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LAA@TEX: Weaver goes the distance for his fifth win

ARLINGTON -- Something had to give when the Angels' Jered Weaver and the Rangers' Matt Harrison took unbeaten records to the mound on Wednesday night at Rangers Ballpark.

What gave was Texas' share of the American League West lead.

The Angels prevailed, 4-1, in front of 31,967, claiming the first series of the season between the division powers who have ruled the AL West for six of the past seven seasons.

The power of Howard Kendrick and Vernon Wells and electrifying speed and athleticism of Peter Bourjos were primary weapons in support of Weaver's complete-game gem.

The co-ace with Dan Haren, Weaver became the Majors' first five-game winner with another dominant effort. Combined, the duo is 9-0.

Weaver was touched for six hits, striking out eight without issuing a free pass.

"It's awesome to go the distance, and to not walk people in this park is huge," Weaver said. "They've got a good lineup, even without Josh [Hamilton].

"Any time you can manufacture some runs and take two out of three in this park, it's a plus."

Weaver's 39 strikeouts lead the Majors, a distinction he owned last season. The complete game was the fifth of his career.

Not since Oakland's Dave Stewart in 1990 has a pitcher gone 5-0 in his team's first 18 games.

"I'll let my family tell me about that," Weaver said, grinning. "It takes a lot to get off to a start like this. The guys have been playing really well."

Bourjos made another spectacular catch, leaping and slamming against the wall in center in the seventh to take a potential home run away from David Murphy.

"That catch was awesome," Weaver said, who walked toward second base and pumped his fist in salute to Bourjos. "It gave me a lot of motivation. That was right up there with the best ones I've seen, for sure.

"It caught me off guard, the way he went up and caught it. It was stunning. Maybe he's becoming the Kobe [Bryant] of baseball."

The next hitter, former Angels slugger Mike Napoli, doubled beyond Bourjos' grasp. But Weaver struck out Mitch Moreland to end the threat.

Bourjos was playing Murphy straightaway and was off with the crack of the bat to the spot where he anticipated the ball landing. He snatched it off the top of the wall.

"Going up against the wall, I was kind of like, 'How did I get here?'" Bourjos said. "It wasn't until I came down with it that I thought I had it. I was pretty excited about it."

Harrison was duly impressed from the Texas dugout.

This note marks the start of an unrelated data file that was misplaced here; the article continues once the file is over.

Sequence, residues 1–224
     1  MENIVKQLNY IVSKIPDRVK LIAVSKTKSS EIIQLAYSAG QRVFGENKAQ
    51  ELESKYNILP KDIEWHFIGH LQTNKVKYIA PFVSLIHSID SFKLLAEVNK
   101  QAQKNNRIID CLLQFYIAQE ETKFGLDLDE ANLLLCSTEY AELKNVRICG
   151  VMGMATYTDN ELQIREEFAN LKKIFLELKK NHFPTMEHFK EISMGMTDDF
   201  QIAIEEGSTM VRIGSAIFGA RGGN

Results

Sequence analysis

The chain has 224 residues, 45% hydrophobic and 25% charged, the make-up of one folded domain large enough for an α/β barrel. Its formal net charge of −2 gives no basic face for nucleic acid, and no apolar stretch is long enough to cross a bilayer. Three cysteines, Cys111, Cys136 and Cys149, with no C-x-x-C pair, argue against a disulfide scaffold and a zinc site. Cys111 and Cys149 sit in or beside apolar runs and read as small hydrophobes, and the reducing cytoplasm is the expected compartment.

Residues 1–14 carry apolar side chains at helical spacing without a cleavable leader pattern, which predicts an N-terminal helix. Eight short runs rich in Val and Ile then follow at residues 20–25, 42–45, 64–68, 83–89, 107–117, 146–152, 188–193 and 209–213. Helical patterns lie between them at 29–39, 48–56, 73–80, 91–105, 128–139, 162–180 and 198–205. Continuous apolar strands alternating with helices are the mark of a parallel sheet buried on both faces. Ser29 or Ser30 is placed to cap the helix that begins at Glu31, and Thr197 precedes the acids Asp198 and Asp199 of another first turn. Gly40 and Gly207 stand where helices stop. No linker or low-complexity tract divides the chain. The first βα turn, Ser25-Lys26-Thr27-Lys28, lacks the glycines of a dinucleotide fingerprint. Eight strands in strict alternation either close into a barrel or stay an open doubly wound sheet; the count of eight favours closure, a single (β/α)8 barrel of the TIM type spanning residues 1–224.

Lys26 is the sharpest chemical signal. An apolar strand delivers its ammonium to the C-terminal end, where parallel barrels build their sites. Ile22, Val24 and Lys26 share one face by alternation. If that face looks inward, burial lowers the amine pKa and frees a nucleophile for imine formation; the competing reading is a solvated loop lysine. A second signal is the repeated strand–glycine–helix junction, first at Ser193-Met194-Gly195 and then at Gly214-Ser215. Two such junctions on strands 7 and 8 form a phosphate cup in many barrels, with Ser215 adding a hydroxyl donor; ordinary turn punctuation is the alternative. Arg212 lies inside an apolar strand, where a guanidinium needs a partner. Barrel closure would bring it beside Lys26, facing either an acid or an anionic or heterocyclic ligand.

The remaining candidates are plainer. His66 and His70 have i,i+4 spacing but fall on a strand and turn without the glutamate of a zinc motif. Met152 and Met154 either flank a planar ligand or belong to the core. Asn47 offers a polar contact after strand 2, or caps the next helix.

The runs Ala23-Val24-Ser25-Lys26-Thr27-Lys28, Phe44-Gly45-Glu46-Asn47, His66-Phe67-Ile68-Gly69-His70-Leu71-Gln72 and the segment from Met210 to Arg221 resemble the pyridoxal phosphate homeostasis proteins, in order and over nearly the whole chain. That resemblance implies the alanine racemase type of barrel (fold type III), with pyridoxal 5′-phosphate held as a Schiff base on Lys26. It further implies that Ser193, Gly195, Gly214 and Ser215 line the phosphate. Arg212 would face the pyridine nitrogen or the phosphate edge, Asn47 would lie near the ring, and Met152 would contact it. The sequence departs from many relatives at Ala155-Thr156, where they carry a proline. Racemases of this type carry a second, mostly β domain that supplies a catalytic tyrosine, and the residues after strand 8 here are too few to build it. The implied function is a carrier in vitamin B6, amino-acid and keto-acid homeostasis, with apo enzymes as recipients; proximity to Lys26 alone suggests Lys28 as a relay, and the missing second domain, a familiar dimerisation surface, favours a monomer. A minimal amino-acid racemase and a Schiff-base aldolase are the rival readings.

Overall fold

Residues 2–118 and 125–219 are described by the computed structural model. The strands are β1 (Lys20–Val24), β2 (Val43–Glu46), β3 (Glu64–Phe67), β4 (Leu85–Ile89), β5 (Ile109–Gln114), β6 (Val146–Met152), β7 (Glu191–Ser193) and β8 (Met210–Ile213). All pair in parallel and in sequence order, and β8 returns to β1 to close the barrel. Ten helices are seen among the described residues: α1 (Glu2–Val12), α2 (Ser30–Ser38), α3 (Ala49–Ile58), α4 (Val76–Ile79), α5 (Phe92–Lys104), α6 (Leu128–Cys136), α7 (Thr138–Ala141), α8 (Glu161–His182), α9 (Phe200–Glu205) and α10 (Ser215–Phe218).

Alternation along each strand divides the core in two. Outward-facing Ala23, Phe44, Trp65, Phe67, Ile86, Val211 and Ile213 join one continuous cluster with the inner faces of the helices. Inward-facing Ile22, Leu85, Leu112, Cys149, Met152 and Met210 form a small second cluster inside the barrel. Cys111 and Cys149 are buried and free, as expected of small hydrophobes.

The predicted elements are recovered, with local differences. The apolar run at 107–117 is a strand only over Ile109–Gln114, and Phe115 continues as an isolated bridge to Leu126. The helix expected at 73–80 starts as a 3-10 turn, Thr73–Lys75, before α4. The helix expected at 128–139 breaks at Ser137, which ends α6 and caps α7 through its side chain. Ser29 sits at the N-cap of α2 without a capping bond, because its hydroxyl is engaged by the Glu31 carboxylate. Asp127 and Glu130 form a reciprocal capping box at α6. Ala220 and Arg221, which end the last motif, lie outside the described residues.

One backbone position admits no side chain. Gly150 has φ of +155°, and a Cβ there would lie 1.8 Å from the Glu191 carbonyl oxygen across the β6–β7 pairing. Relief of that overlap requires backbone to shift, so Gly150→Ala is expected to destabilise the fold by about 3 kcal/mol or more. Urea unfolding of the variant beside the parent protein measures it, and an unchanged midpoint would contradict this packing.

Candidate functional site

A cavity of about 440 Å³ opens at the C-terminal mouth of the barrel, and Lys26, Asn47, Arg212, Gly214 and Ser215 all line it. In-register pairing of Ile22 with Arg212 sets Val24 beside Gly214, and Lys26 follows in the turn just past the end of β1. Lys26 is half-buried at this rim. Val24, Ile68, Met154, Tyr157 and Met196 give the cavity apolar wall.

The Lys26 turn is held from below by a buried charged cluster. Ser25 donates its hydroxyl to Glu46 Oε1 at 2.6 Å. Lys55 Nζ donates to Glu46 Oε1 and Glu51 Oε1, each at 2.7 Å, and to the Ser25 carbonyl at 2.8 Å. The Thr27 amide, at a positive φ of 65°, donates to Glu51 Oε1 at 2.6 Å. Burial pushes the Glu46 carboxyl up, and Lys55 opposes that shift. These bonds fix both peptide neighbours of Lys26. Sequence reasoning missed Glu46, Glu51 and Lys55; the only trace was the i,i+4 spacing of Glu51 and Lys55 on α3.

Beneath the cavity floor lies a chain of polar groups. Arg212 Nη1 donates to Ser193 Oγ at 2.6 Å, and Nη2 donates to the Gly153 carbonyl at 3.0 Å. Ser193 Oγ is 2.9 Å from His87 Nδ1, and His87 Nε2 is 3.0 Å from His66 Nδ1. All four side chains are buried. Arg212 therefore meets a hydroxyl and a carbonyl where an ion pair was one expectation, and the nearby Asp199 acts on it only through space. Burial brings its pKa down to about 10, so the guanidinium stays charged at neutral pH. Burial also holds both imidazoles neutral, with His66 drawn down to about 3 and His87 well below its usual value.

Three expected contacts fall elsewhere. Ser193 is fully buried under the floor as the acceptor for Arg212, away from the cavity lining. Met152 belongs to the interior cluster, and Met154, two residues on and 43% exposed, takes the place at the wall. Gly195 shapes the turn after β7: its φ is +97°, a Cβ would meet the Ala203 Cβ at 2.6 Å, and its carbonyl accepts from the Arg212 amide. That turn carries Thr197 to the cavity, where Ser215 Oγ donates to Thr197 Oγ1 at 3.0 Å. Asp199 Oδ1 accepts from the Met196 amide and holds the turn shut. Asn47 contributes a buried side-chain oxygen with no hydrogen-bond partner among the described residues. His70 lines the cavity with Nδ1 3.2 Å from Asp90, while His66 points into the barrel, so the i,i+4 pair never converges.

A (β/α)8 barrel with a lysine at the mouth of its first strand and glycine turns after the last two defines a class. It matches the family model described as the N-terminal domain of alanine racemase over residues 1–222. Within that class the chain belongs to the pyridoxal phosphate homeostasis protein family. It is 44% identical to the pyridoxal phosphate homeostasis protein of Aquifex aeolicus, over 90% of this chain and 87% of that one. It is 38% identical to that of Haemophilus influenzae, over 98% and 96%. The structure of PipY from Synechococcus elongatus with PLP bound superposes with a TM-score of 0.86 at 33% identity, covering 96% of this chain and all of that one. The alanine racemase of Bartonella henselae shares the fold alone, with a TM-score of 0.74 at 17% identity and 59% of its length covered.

"That guy is white lightning out there," the southpaw said.

Kendrick gave Weaver the upper hand leading off the fourth inning when he lifted his sixth homer of the season to left field. The AL leader in total bases, Kendrick already is four homers away from matching his career high for a season.

Wells pounded his first homer with the Angels in the eighth inning against reliever Darren O'Day.

Weaver worked out of a disturbance in the third inning thanks in part to the deterrent represented by Bourjos' blazing speed.

After Moreland doubled with one away, Yorvit Torrealba stroked a line drive to center. Moreland stopped in his tracks midway to third and took several steps toward second before realizing Bourjos couldn't reach it. Moreland had no choice but to stay at second on the single.

Weaver then struck out Ian Kinsler and retired Elvis Andrus on a forceout.

"One thing we're doing well," Angels manager Mike Scioscia said in the afterglow, "is pitching and playing terrific defense. As far as stealing home runs, he had to go a long way to get there and get way up there to make that catch."

Bourjos, who walked in his first at-bat and was stranded at third, demonstrated why Moreland was so cautious when he sprinted to third on a drive to right-center with one out in the fifth. It was Bourjos' second triple of the year and his third extra-base hit in two nights.

When Jeff Mathis dropped a squeeze bunt in front of the plate, Harrison tried to scoop a throw home and booted it for an error. Mathis was given an RBI on the sacrifice and got as far as third after a pair of walks, but Harrison struck out Hunter.

Weaver had retired 10 in a row in the sixth when Andrus singled with two away and scored when Michael Young -- extending his hitting streak to 11 games -- dropped a double inside the right-field line. Adrian Beltre popped out to end the inning.

"What makes him so good," Moreland said of Weaver, "is he can throw any pitch in any count. You get in a hitter's count and he can throw his curveball or changeup, and he's just as confident with that as he is with his fastball.

"When you have a guy like that, you just have to dig in and bear down and try to work an at-bat."

In the seventh, Mathis doubled to right-center and scored when Maicer Izturis' sharp grounder bounced off the glove of Beltre at third and rolled into shallow left field.

The three earned runs allowed by Harrison in 6 2/3 innings matched the number he'd yielded in 22 innings over his first three outings.

The Angels, who won five of six on the road trip, return home to face the Red Sox in a four-game series starting Thursday night.

"They do have pitching," Texas manager Ron Washington said. "They have some guys that play baseball, too."

Idle on Thursday, Texas welcomes the Royals Friday night for a weekend series.

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